Capitol riot: The 48 hours that echoed generations of Southern conflict

Hours after Mississippi legislators took the final step of removing a Confederate emblem from their state banner, a violent white mob waved the rebel flag as it ransacked the U.S. Capitol. 

The ratification of a new Magnolia flag followed a year in which white Southerners were forced to confront the legacy and symbols of the Lost Cause, an enduring, pernicious myth that the Confederacy had fought for a valiant purpose and a noble way of life had been brought to an end. The removal of the Confederate emblem and the historic elections in Georgia should have signaled a moment of celebration for the South, embracing its multicultural reality. 

Instead, President Donald Trump offered his supporters a new Lost Cause, spreading lies that an election had been stolen from him. And their nation was on the verge of being taken from them. Like in the aftermath of the Civil War, he found a group of supporters willing to enforce that lie through violent ends; and he found a group of politicians committed to enabling it through official channels. 

One hundred and fifty years after the end of the Civil War, 48 hours across Mississippi, Georgia and Washington D.C., demonstrated the promise of the South, the demons continuing to haunt the region, and new dangers looming on the horizon. 

In Mississippi, Southerners removed a symbol of an old rebellion. In Washington, D.C., Southern politicians and insurgents began a new one. And in Georgia, Southerners found themselves at a familiar crossroads. 

Atlanta, Georgia, 2:05 a.m. EST: Associated Press projects Raphael Warnock wins Georgia Senate runoff election

Aimee Castenell watched the Georgia election returns from home. In a normal time, election nights are a moment of shared community, with organizers and activists coming together to celebrate victories or commiserate losses. During the ongoing coronavirus pandemic, Castenell, the southeast communications director for the Working Families Party watched the culmination of years of hard work play out on her own TV.  

Over a Google Hangout filled with campaign staff, she cheered as Democrats Rev. Raphael Warnock and Jon Ossoff took early leads against incumbents Republicans Kelly Loeffler and David Perdue. 

“It was a bit bittersweet, but it was still great,” Castenell said of celebrating the electoral victories remotely.

“Tuesday was exciting and fulfilling in lots of ways. Fulfilling the promise that a lot of people who have been living in the South have seen for so long: Once you invest in the South you will get results.”

It’s an investment decades in the making, according to Don Calloway, CEO of Pine Street Strategies and founder of the National Voter Protection Action Fund. Atlanta’s growth as the dominant economic hub for the Southeast spurred demographic and cultural changes making possible a multiracial coalition for political success.

In the early 20th century, thousands of Black people fled the violence of the South, looking for a better life in Northern cities. At the beginning of the 21st century, many of the descendants of the Great Migration are returning South, especially to Atlanta.

If cities like Birmingham, Ala., continue to be associated with some of the more painful moments of civil rights history, Atlanta has branded itself as a home for Black promise. As the home of Martin Luther King, Jr., the headquarters of civil rights organizations like the Southern Christian Leadership Conference, and the eventual home for other leaders from the era like U.S. Rep. John Lewis, Atlanta built an infrastructure of Black success that endured and empowered the city to become a center of music, film and business. Rev. Warnock serves as the pastor of King’s former church, Ebenezer Baptist, and was able to capitalize on the strong network of the Black religious community.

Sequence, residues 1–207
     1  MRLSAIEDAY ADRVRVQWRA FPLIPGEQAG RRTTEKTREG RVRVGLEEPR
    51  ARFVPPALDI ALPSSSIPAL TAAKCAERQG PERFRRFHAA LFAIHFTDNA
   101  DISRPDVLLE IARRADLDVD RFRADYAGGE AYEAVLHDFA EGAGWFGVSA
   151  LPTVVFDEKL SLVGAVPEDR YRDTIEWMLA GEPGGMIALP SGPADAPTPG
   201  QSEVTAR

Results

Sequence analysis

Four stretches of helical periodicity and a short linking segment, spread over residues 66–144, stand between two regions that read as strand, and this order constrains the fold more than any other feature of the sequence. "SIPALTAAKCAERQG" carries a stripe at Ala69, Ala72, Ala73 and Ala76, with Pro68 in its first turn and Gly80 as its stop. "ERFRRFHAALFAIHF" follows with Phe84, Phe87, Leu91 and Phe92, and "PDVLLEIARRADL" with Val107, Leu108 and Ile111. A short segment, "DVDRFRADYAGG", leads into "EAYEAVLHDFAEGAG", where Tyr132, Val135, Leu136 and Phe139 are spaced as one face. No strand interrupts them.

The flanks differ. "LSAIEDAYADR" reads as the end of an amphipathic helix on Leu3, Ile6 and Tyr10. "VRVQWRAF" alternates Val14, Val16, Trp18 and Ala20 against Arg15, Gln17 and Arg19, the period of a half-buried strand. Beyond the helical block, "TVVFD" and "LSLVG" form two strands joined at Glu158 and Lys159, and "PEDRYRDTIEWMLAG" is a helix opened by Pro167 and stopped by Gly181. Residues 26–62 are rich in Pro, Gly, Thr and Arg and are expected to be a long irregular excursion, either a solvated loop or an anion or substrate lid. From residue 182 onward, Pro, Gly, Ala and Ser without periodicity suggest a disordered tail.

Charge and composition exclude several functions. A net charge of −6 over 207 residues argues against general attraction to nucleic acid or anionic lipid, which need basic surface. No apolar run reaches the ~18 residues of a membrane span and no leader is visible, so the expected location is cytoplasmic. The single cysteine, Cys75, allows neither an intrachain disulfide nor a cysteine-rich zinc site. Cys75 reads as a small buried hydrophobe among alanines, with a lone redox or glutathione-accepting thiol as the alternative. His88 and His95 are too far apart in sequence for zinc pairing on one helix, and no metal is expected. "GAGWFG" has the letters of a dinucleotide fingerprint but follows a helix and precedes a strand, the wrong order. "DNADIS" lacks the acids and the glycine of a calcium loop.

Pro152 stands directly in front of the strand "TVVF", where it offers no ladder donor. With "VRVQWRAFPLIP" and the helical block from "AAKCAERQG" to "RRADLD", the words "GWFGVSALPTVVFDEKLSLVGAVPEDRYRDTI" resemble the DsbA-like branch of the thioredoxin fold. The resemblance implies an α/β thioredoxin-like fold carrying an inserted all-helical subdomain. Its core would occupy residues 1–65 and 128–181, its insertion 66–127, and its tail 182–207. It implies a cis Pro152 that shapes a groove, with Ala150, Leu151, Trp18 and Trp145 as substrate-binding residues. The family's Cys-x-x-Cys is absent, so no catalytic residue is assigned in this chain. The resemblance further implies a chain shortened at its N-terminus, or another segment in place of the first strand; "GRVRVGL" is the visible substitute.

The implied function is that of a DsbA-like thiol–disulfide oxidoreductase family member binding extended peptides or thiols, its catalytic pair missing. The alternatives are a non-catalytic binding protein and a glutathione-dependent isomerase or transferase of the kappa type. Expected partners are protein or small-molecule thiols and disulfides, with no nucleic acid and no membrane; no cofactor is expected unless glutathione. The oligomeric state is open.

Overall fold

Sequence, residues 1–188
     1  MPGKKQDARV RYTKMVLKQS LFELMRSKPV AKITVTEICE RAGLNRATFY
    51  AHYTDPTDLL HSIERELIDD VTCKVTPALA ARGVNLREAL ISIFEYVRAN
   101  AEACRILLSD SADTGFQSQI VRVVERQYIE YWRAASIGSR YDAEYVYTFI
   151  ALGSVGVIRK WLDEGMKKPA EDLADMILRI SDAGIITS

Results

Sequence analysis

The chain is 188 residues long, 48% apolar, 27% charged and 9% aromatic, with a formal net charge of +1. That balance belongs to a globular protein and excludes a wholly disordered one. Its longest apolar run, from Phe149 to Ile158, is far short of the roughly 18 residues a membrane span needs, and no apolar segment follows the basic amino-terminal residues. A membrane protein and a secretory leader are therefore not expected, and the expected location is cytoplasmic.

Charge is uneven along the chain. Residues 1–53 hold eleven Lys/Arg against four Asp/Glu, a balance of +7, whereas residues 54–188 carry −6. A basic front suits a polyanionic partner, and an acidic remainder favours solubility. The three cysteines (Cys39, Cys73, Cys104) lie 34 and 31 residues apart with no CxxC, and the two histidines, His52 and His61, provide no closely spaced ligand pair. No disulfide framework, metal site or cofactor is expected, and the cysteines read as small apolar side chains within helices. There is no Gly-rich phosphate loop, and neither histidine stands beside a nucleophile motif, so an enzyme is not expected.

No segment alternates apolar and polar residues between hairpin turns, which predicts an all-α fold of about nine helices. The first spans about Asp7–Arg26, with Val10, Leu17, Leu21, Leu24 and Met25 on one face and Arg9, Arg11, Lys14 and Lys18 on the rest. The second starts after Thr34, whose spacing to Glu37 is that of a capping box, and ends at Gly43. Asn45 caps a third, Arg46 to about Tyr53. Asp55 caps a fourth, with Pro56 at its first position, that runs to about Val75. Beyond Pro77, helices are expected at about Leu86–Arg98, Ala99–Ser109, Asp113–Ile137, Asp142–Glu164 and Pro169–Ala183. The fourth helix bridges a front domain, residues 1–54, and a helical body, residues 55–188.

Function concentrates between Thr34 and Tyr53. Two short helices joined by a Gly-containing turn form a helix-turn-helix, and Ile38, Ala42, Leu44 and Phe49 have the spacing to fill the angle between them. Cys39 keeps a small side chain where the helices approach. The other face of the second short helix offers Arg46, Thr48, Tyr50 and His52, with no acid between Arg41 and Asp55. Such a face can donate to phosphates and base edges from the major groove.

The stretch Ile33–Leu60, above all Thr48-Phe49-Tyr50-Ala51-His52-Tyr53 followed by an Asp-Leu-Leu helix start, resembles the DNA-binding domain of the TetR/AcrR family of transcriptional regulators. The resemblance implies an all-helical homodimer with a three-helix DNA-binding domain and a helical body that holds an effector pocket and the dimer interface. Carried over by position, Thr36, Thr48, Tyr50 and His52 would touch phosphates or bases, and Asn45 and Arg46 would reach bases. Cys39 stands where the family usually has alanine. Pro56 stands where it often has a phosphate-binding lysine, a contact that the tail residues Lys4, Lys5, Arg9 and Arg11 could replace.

“I would suggest that Georgia’s victories are a result of Atlanta and demographic trends starting 50 years ago finally coming to fruition,” said Calloway.

But Atlanta alone cannot account for Democrats’ political fortunes in Georgia, points out Castenell. Part of Warnock’s appeal, in fact, was not being a native Atlantan, empowering him to reach Georgians weary of the attention sucked up by the South’s largest city.

“Being from Georgia is a very important thing to Georgians. Not only is [Warnock] from Georgia, he’s from Savannah,” said Castenell. “He has an all-of-Georgia sensibility about him.

It’s an all-Georgia sensibility embraced by politicians like Stacey Abrams, and the thousands of organizers she’s come to represent, that made the difference. If organizing infrastructure existed in Atlanta, political infrastructure in Georgia had evaporated following the political realignment of the late 20th century and election of Jimmy Carter.  Abrams’ plan involved reaching voters other campaigns hadn’t spoken to and expanding the electorate.

The ability to turn out new Black voters proved pivotal for Warnock, even more so than it had for Biden. 100,000 new Georgians had registered since the November elections.

But even as Castenell celebrated she was anxious about the response victories in Georgia could bring.

“There’s always a backlash when we see progressive things happen,” she said. “There’s a certain group that’s very excited about it and there’s another group that is terrified of it. As a Black person from the South, it is truly hard to watch.”

Jackson, Mississippi, 11 a.m. EST: Mississippi’s legislative session begins

For more than a century, a Confederate battle flag had been the symbol of the white backlash to Black liberation.

That Wednesday morning, Mississippi legislators approved the state’s newly designed flag, one which did not contain Confederate symbolism but a magnolia blossom, a symbol of endurance and nobility.

Mississippi didn’t incorporate the Confederate symbol into its state design until after the Civil War. In 1894, white lawmakers changed the flag in response to an influx of Black leadership during Reconstruction. Throughout the civil rights movement, Mississippians and others across the South waved the flag in defiance of federal desegregation orders.

Mississippi was the last state in the country to use Confederate symbols in official state imagery.